Do you know the most common mineral in planet earth? Quartz? Nope. Feldspar? Nope. Ah, you say: All that limestone, the answer must be calcite. Wrong again. OK, you think it is a trick question. Maybe it is ice with all the polar ice sheets. Nice try, ice is a mineral, but not correct.
What if I told you this mineral cannot be collected anywhere and that it was not officially named until last year even though it comprises ~38% of the earth by volume. Why, you might ask? How about because no one had been able to find a sample to analyze? Are you catching on?
The newly christened mineral is bridgmanite. For a long time, scientists have known that a significant portion of the earth’s lower mantle is a very dense magnesium-iron silicate mineral. However, lacking a sample they could not characterize the material and without crystal structure information it could not be properly studied and named.
That changed in 2009 when scientists Chi Ma (from California Institute of Technology) and Oliver Tschauner (UNLV) began studying a meteorite that had struck Queensland, Australia in 1879. In the 1960’s several high pressure minerals had been discovered and characterized in this famous meteorite. At that time it had been theorized that the meteorite originated from an extremely high-energy impact in space some 4.5 billion years ago. But the small silicate minerals in the glass portion of the meteorite were sensitive to conventional beams of electrons used in microscopes for mineral study and the mineral had defied characterization. So the unique meteorite rested in peace for several decades.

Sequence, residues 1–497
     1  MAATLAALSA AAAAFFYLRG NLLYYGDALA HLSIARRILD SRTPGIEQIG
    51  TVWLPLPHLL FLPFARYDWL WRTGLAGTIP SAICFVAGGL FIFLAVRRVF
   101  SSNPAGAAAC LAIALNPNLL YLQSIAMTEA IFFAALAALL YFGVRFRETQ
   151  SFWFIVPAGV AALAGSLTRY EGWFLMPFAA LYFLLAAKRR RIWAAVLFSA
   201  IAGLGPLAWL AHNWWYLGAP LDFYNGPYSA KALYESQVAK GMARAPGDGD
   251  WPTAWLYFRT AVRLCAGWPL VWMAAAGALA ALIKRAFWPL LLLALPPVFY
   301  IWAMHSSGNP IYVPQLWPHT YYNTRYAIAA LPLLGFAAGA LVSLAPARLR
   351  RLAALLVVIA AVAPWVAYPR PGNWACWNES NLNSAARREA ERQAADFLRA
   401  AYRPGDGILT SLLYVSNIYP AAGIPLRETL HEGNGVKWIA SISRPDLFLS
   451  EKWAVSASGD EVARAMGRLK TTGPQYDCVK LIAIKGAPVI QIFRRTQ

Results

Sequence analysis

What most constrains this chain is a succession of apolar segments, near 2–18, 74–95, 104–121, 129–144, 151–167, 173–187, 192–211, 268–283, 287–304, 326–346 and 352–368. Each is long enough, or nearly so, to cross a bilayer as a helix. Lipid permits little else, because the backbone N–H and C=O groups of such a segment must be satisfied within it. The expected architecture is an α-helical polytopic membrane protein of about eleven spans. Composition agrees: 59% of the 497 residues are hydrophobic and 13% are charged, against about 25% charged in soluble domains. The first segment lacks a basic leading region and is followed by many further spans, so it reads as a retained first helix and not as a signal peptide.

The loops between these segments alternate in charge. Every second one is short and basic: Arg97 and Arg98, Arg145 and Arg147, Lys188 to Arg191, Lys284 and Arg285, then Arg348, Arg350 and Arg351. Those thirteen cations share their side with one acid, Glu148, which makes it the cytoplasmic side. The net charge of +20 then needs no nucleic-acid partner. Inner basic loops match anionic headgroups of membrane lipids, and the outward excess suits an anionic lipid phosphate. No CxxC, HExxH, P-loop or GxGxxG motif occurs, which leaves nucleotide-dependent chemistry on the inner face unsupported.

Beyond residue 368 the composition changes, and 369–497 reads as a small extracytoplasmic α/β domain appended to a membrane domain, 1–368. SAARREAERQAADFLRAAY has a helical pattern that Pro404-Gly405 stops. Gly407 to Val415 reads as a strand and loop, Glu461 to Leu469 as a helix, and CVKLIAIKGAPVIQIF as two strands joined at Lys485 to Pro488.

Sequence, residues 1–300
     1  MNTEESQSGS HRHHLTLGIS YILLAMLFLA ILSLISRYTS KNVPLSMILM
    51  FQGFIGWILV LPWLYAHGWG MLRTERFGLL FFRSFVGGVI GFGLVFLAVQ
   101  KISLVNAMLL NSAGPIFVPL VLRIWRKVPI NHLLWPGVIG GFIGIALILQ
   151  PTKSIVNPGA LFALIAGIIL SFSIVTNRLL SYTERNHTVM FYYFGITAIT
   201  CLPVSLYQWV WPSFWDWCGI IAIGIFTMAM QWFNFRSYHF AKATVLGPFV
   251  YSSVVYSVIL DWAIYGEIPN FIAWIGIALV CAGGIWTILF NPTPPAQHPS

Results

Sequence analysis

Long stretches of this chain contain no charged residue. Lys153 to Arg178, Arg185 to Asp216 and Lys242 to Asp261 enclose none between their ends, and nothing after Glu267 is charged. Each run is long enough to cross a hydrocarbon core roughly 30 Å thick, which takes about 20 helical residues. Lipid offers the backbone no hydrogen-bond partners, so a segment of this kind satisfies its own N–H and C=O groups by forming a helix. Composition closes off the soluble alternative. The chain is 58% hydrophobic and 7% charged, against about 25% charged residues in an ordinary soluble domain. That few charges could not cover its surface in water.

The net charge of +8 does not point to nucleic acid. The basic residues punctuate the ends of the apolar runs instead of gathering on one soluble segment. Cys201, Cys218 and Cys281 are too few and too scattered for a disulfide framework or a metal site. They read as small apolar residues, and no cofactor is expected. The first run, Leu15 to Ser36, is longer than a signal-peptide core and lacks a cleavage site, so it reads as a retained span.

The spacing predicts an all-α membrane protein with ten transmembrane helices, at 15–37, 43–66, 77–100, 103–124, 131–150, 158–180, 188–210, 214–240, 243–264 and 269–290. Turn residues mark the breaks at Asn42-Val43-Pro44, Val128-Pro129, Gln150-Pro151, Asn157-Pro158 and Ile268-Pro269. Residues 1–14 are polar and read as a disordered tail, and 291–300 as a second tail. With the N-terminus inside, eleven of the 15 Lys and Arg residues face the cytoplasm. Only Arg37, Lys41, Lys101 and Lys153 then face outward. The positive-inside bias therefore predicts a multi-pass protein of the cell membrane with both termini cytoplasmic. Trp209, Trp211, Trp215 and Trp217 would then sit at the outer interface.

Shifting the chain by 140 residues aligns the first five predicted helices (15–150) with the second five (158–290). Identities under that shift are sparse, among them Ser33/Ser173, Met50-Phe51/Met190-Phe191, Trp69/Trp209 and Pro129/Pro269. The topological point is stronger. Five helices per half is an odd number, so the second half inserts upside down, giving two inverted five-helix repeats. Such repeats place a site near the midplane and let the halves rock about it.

It took the two scientists five years and many experiments to figure out the structure of the high pressure silicate phase, eventually succeeding using a sophisticated new technique called synchrotron X-Ray diffraction (SR-XRPD). The micro-focused X-rays generated by this method are up to 5 orders of magnitude more intense than those from conventional X-Ray sources and permit dramatically improved structural characterization of extremely sensitive and small material. The equipment Ma and Tschauner used was in laboratories in Chicago and Berkeley, California.
Before it was characterized the dominant material in the earth’s lower mantle was referred to as silicate perovskite. This was based on its chemistry and suspected mineral structure, both of which were theorized from the response of earthquake waves propagating through the lower mantle. But this was not sufficient for mineral recognition. It was not until June of 2014 that the International Mineralogical Association (IMA) accepted the work done by Ma and Tschauner and the mineral could be named. The newly characterized mineral was named bridgmanite to honor Percy Bridgman, a physicist who won the Nobel Prize in 1946 for his high pressure research. Bridgman is depicted in the cover photo beside a slice of the meteorite and the mineral named after him.
With pressures one million times atmospheric and temperatures exceeding 3500º F it is not possible to simulate bridgmanite in a lab. However, it is thought that as much as 70% of the 2300 km thick lower mantle is comprised of bridgmanite.
So .. at the next show, go ask your favorite mineral dealer if he has any bridgmanite for sale. See if he knows to turn to his meteorite collection. If he does tell him it needs to be from the 1879 Tenham L6 chondrite from Queensland, Australia.
Or better yet, let’s plan a trip to the lower mantle and go get our own, the WCGMC is “always looking for new places to dig.” We can go in Glenn’s truck.
Tschauner, O., Ma, C., et. al., 2014, Science, Vol. 346 no. 6213, p 1100-1102, 28 Nov., 2014.